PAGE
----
The dogma is that electronic books won’t work out for most recreational reading. Supposedly librarians should confine e-books to nonfiction categories like reference–with a few exceptions such as sci-fi and other genres for geeks.
But in a brave and useful experiment, the Cleveland public library system is defying the know-it-alls–and guess what? As I noted yesterday, the Number One circulating title in 2003 was The Lovely Bones, Alice Sebold’s best-selling novel. Not exactly a dictionary or a space epic. Same for Split Second by David Baldacci (Number Two), Devil’s Bride by Stephanie Laurens (Number Three) and Worth at Any Price by Lisa Kleypas (Number Five).
The only nonfiction title in the top five was The 100 Simple Secrets of Successful People by David Niven (Number Four), and just five other nonfiction books made the top 25. Part of the reason could be that the collection is especially strong on fiction. Still, e-stores like Fictionwise, Blackmask and eBookAd are also playing up fiction. I’d emphatically question Walt Crawford’s assertion that e-books readers really won’t care that much about reading fiction all the way through.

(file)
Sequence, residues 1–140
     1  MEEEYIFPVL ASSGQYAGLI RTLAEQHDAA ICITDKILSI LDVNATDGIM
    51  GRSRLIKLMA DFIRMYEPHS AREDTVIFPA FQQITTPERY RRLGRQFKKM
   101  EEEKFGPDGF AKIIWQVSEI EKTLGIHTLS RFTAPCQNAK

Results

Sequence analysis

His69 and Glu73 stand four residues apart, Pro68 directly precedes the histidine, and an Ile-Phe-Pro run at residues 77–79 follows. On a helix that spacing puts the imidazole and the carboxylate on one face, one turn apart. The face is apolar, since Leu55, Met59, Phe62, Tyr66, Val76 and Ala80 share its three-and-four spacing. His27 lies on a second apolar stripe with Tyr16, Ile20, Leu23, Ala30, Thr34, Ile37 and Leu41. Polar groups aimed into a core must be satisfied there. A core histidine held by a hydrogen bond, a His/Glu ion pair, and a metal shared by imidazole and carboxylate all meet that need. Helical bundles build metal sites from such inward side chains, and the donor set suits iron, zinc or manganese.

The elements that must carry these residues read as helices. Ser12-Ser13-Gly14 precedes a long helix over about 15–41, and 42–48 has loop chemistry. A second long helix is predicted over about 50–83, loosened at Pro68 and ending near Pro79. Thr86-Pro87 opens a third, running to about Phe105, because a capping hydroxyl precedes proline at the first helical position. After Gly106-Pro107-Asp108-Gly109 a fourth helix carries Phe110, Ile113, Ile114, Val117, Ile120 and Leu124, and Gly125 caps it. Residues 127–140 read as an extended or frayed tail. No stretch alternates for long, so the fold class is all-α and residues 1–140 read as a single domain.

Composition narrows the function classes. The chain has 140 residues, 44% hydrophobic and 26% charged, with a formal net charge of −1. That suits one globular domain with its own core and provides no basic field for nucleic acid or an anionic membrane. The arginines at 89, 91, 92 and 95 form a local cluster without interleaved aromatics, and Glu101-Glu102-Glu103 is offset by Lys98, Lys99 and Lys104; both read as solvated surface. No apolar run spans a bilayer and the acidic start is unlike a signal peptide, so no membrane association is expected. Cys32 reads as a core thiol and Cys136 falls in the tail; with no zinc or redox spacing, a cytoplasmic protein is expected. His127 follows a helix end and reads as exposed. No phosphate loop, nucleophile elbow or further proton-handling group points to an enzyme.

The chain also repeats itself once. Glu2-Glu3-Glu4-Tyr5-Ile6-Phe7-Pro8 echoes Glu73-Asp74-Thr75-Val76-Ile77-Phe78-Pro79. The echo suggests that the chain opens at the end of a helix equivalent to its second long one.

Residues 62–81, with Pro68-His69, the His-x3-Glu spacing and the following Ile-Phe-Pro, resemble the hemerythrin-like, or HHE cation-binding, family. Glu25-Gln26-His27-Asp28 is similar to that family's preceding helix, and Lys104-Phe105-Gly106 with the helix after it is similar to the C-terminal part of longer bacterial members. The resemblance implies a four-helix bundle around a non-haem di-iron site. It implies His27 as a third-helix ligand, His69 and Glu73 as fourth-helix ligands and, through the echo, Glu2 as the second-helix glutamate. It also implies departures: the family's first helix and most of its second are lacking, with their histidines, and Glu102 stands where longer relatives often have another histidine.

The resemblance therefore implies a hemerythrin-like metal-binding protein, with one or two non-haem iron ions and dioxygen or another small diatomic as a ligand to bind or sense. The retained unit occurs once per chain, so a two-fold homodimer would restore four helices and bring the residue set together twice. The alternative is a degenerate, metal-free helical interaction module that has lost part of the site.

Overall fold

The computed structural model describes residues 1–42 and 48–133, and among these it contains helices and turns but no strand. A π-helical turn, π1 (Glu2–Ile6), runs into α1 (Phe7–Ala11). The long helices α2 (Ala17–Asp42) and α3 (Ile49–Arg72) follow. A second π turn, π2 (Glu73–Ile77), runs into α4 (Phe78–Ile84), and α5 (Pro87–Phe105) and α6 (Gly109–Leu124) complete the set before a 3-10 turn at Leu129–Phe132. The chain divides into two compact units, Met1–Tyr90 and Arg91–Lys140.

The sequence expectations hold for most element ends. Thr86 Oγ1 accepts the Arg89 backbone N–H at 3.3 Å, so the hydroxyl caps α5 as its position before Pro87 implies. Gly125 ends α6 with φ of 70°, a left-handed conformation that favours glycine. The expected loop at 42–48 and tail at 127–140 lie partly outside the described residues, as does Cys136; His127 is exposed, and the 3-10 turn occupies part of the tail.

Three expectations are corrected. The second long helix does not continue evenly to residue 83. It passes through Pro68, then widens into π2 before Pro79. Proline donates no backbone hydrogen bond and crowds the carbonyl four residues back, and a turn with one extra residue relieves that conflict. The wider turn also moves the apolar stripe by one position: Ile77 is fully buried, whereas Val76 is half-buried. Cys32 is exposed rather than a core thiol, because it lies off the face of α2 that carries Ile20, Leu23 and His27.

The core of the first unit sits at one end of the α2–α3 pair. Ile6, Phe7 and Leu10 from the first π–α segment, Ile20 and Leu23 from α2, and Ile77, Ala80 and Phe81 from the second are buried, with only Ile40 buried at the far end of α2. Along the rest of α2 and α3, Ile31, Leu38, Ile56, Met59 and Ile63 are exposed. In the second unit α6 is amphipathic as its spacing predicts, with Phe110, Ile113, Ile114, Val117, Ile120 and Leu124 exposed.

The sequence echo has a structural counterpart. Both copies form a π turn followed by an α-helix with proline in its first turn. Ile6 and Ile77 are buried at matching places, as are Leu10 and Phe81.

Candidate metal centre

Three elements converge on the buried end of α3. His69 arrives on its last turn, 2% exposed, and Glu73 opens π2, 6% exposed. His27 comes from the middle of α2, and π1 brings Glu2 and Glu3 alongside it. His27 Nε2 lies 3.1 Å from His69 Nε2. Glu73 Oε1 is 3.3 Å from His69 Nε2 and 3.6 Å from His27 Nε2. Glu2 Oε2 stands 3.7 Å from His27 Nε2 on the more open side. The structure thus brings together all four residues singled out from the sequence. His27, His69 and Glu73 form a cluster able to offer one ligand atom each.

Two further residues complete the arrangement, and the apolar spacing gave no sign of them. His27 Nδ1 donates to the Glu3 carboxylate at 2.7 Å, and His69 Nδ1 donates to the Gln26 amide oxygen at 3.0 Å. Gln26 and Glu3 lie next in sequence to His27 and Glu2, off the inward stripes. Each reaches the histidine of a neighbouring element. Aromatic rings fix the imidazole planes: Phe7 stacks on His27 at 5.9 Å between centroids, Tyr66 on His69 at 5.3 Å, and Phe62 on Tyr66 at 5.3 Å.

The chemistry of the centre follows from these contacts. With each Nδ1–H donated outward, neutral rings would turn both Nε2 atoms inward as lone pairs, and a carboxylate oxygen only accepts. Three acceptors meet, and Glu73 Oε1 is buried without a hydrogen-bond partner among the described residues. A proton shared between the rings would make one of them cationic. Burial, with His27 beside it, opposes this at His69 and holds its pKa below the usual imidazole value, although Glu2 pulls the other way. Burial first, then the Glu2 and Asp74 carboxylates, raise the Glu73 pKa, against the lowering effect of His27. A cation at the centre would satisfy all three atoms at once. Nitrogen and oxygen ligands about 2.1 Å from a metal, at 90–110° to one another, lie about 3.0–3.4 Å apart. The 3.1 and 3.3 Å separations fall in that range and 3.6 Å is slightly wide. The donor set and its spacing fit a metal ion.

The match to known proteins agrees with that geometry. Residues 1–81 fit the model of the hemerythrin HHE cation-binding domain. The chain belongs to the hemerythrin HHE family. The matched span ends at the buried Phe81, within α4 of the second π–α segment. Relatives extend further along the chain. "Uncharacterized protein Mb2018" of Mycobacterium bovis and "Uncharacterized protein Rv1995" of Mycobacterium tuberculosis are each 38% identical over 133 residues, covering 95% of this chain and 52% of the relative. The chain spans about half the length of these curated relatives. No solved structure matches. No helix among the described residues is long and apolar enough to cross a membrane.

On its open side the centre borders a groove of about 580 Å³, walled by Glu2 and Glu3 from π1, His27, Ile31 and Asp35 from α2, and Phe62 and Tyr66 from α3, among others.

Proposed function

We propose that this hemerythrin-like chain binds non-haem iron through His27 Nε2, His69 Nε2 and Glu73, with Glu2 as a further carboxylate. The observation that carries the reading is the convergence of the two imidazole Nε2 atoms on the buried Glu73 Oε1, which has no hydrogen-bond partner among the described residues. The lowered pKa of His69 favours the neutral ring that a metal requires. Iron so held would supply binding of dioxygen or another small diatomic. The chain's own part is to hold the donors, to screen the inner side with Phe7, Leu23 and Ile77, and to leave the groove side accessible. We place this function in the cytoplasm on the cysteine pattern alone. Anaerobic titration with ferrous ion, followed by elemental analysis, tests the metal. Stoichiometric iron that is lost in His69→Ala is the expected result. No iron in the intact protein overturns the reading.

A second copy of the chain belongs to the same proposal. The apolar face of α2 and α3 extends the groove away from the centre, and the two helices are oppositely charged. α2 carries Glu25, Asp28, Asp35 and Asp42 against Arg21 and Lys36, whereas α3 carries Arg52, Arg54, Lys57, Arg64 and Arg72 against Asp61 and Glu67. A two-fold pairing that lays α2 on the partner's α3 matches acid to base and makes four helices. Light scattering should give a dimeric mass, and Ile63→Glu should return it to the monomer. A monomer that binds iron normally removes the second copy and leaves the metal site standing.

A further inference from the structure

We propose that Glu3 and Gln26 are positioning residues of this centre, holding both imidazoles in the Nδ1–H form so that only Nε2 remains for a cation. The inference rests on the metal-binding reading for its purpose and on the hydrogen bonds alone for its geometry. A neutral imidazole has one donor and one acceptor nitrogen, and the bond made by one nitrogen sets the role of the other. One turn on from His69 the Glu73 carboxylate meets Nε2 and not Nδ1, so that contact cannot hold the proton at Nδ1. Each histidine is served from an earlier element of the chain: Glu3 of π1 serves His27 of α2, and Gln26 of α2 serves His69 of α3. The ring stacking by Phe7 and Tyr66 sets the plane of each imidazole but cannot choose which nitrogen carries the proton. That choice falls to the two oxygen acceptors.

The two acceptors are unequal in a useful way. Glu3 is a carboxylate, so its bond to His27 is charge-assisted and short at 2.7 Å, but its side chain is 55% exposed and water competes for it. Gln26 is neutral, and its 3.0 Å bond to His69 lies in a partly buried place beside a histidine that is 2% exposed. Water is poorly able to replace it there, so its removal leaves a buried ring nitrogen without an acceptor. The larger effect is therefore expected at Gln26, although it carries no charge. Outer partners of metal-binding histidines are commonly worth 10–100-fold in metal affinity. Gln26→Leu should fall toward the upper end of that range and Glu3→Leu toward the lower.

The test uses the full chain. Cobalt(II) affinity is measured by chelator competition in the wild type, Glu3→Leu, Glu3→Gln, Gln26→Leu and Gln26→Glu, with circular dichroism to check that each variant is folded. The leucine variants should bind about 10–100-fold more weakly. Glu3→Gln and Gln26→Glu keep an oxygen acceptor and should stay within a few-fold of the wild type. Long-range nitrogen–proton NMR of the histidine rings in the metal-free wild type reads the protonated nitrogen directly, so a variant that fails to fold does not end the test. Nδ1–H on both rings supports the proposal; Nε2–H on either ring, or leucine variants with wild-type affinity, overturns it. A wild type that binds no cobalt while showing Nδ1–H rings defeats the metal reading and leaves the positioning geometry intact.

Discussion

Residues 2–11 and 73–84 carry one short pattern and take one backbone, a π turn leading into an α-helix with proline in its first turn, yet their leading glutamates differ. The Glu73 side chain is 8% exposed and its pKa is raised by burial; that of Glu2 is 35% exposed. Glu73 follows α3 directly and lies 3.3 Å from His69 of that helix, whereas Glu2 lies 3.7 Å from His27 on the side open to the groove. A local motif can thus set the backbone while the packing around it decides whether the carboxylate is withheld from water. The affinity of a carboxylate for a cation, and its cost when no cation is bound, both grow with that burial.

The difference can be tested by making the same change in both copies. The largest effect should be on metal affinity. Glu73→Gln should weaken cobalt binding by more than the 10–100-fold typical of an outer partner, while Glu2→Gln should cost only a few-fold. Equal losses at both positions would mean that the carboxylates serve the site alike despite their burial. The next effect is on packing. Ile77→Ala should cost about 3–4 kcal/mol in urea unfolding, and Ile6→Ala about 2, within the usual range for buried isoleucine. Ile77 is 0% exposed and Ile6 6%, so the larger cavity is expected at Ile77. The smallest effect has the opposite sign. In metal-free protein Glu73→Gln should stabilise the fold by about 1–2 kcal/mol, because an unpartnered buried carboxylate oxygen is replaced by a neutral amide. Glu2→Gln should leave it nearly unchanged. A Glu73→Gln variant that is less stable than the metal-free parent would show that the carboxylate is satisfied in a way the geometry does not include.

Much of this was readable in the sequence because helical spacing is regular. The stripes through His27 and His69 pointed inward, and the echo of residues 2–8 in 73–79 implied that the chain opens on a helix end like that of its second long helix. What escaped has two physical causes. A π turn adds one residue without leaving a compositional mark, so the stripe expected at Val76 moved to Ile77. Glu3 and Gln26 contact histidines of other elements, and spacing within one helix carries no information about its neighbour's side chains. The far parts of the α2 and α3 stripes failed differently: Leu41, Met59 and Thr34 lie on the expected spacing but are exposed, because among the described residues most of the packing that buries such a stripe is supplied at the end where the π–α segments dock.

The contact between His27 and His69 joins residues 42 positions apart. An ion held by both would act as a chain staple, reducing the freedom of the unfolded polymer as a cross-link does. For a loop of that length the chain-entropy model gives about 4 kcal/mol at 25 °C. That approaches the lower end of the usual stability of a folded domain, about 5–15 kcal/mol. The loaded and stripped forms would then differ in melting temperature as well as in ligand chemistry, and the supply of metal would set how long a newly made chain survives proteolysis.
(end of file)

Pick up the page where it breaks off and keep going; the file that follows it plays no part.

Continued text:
No mystery as to how Cleveland built up interest in fiction. Teaming up with OverDrive, the library gave its e-book area the flair you’d expect to see in a bookstore. I personally dislike OverDrive’s proprietary formats (right now you can download books only in PDF and Palm, not Microsoft Reader or my pet proprietary choice of the moment, Mobipocket), but I think Tish Lowrey, CPL’s tech services head, deserves some loud applause for her efforts to popularize e-books for recreational reading. They’re a natural. Libraries don’t want to buy zillions of copies of best-sellers in paper, only to see them neglected after six months. Limited experimentation today could save some big money tomorrow and promote book reading among young people, who are more and more Net-oriented.
To be sure, Cleveland’s e-book circulation is now just a speck of the number for p-books despite a first-week spike in demand. Based on a perusal of the area, with special attention paid to books labeled “checked out,” I’d say the stats would not be awesome (no information available to me on the number of different patrons accessing the e-collection each month). Just the same, as I see it, the CPL is off to an acceptable start, given the major challenges of formats (a consideration not as high up on Lowrey’s own list) and technology (I myself won’t expect much for e-books in libraries until tech is less of a hassle, although e-book-oriented PDA classes at library branches could help immensely in my opinion).